JBM-HH simulated full-scale exercise
Spc. Edgar Rodriguez, 529th Regimental Support Company, walks through a decontamination station during a Joint Base Myer-Henderson Hall during a simulated full-scale exercise Sept. 12, 2013. The Fort Myer portion of the joint base took part in an exercise that simulated responses by emergency, fire and rescue personnel.

JOINT BASE MYER-HENDERSON HALL, Va. - The response was real, as were the serious looks on the faces of military personnel, law enforcement officers, firefighters and civilians who took part in an emergency preparedness exercise Sept. 12 at Joint Base Myer-Henderson Hall.

The exercise began shortly before 9 a.m., when reports of a possible sarin gas attack brought dozens of first responders to the dining facility on the Fort Myer portion of the joint base. JBM-HH fire trucks and police vehicles quickly blocked Gorgas Road between McNair and Sheridan Roads surrounding the facility as first responders hastened to treat the soldiers who had been "exposed" to the gas.

Spc. Edgar Rodriguez of the 529th Regimental Support Company was one of the Soldiers who role-played being exposed to the gas.

"I was unable to breathe, had difficulties seeing, blurry vision," he said. "Initially, we learned about the side effects to the gas. I had the minor effect. I was just slightly exposed to the gas."

Lt. Col. Macedonio Molina, director of emergency services and provost marshal of the joint base, said a quick analysis by the first officer who arrived on the scene and called for resources right away, as well as the rapid set-up of a mass decontamination site, were some of the highlights of the exercise.

"We can improve our processes with continued training," he noted. "We did some great things in a very short amount of time and there are some things we learned, which we will use to improve our processes."

Molina noted that on-duty first responders and leadership took part in the exercise, meaning that a little less than half of the Directorate of Emergency Services staff participated in the drill, based on its 24-hour commitment. Personnel assigned to the evening shift and those who were on leave did not take part in the exercise.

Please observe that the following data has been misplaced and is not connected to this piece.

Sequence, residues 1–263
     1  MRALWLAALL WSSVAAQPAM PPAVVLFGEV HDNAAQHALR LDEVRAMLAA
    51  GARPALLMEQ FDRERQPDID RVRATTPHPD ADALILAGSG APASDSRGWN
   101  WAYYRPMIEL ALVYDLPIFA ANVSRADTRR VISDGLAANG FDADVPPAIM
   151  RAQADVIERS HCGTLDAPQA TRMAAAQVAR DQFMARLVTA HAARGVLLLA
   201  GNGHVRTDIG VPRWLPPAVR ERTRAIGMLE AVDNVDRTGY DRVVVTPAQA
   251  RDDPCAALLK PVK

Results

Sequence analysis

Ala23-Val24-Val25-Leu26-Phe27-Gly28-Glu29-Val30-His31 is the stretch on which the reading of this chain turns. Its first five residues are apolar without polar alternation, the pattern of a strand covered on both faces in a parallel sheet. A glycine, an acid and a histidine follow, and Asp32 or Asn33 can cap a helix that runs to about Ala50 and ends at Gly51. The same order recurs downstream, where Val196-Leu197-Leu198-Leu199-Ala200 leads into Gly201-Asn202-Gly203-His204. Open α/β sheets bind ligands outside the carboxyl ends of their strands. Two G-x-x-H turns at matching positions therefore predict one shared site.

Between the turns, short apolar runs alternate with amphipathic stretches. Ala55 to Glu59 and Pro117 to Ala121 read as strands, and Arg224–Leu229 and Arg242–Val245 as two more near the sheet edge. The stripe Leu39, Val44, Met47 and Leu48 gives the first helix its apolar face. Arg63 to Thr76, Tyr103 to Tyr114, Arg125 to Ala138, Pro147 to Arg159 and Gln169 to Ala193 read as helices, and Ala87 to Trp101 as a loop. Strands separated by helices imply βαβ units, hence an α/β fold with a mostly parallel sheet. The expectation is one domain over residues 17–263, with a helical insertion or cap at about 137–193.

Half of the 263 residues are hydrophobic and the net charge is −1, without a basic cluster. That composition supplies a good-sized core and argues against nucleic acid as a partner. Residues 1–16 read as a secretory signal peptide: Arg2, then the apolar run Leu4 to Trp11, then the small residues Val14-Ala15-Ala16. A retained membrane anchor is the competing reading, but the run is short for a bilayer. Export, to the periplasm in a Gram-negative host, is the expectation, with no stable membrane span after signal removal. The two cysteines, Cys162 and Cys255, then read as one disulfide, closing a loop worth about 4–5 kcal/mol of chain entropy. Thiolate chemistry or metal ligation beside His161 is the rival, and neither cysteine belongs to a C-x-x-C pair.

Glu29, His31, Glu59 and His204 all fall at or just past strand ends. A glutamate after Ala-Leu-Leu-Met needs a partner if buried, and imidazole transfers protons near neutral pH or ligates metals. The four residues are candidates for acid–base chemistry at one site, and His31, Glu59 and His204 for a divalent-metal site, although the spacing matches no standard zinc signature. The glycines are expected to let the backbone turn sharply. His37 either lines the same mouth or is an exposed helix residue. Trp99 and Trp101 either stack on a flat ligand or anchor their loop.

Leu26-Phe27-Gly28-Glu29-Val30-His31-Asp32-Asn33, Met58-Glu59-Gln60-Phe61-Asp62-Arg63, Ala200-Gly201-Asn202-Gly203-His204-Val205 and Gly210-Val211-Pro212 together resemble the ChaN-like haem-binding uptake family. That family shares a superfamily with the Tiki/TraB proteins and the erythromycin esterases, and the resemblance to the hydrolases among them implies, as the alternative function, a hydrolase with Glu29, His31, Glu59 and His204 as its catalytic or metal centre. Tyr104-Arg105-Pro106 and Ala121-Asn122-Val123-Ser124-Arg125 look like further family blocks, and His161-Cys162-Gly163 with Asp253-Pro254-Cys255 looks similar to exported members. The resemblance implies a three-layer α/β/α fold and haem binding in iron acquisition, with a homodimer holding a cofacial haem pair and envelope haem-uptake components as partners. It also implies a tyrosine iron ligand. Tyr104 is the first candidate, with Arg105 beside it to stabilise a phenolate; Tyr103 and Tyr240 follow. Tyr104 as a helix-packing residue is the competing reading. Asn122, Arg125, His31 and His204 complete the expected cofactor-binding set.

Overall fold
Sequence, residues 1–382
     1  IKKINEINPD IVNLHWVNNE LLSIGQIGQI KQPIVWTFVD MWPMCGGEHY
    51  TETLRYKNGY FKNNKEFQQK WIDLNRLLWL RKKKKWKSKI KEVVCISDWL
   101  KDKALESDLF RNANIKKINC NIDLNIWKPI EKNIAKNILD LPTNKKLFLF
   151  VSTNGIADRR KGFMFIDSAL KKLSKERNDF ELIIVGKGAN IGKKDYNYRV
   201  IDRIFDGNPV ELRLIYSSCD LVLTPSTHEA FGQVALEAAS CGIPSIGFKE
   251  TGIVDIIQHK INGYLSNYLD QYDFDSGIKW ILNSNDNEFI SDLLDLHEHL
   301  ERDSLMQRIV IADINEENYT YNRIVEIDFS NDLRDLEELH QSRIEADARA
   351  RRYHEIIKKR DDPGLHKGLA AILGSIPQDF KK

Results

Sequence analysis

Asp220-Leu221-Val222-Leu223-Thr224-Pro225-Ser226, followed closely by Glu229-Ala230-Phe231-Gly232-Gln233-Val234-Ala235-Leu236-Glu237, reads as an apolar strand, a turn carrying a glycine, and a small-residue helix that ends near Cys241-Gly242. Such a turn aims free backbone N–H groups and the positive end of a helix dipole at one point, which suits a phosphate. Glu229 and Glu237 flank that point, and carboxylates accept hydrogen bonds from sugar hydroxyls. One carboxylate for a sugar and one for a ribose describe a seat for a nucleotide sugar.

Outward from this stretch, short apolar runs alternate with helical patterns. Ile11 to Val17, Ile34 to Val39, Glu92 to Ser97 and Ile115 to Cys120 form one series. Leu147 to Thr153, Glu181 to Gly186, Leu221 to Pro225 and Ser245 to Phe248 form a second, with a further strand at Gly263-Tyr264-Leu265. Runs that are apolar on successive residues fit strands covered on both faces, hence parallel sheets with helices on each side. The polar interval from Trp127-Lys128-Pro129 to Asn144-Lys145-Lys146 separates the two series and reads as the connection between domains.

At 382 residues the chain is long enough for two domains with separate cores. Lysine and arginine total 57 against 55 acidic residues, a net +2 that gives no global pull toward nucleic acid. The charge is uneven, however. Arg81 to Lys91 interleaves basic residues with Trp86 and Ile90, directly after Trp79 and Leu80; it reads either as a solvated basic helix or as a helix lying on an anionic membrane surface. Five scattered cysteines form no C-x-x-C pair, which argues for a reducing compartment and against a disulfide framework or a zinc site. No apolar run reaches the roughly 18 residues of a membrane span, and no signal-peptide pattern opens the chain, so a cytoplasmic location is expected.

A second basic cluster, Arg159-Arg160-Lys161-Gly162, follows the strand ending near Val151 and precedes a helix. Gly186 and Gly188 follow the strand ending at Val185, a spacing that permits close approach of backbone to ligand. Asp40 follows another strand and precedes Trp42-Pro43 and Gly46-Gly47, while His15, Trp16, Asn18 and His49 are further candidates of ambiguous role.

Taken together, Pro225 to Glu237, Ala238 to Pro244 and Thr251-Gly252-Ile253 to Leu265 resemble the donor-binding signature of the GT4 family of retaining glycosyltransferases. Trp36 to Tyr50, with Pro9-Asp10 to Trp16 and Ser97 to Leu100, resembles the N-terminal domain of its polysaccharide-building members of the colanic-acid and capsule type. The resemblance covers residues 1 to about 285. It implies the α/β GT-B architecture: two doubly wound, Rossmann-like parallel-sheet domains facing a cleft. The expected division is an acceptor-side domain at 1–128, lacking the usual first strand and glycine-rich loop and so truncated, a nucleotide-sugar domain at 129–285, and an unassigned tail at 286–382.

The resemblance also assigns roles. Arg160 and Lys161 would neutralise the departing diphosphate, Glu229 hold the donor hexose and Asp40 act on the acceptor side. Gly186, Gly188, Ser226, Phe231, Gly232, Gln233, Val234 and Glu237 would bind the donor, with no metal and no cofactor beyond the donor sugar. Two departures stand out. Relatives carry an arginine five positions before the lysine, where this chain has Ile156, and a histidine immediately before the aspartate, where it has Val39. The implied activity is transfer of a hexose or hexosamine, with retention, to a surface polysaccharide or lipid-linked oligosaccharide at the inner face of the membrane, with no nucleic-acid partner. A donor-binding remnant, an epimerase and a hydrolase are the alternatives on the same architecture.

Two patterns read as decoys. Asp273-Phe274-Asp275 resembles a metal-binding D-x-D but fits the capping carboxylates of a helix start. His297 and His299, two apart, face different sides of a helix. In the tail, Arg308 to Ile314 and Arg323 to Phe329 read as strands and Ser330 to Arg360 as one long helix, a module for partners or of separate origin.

"DES responded with our standard emergency response personnel and equipment," he continued. "We have the ability to detect chemical agents and radiation. We also responded with our hazardous material equipment that is used to protect ourselves and decontaminate individuals which may have been contaminated."

Molina said DES was the lead response agency for the exercise, while DES Fire Service served as the incident command and provided emergency medical services, identified the unknown material that was released, established an isolation room, initiated decontamination operations and provided updates to the installation's emergency operations center, which was also activated throughout the training.
While DES staff was aware that the exercise was going to take place, they did not know the exact scenario, explained Molina.

"The exercise started out as an emergency medical incident which evolved from one individual to several individuals with a number of symptoms," he added.

The response was graded by observers from Fort A.P. Hill and JBM-HH command staff, who included JBM-HH Command Sgt. Maj. Earlene Y. Lavender. She explained that the observer's role during a graded exercise is to "evaluate certain portions on how an organization reacts to a specific scenario. As the joint base command sergeant major, it was important for me to be the joint base commander's eyes and ears, to provide accurate and quick feedback on how the emergency responders react to the situation, if the commander's intent is being effective, and if we need to speed up, slow down, or pause the scenario objectives."

Lavender said that overall the entire staff "performed well for our first chemical, biological, radiological and nuclear exercise in some time. You never stop improving in all areas and constantly ensure that we are continuing to hone in on the less utilized basic skills."

Molina said training readiness and preparation is critical to the overall success of the DES.

"We must be prepared to respond to all hazards, which include a chemical attack," he emphasized. "Our communities are dependent upon our ability to respond to, eliminate and contain any hazard to threat. This training builds the trust and confidence of our work force/first responders, the leadership and the community on our ability to keep our communities safe."

Page last updated Fri September 20th, 2013 at 11:12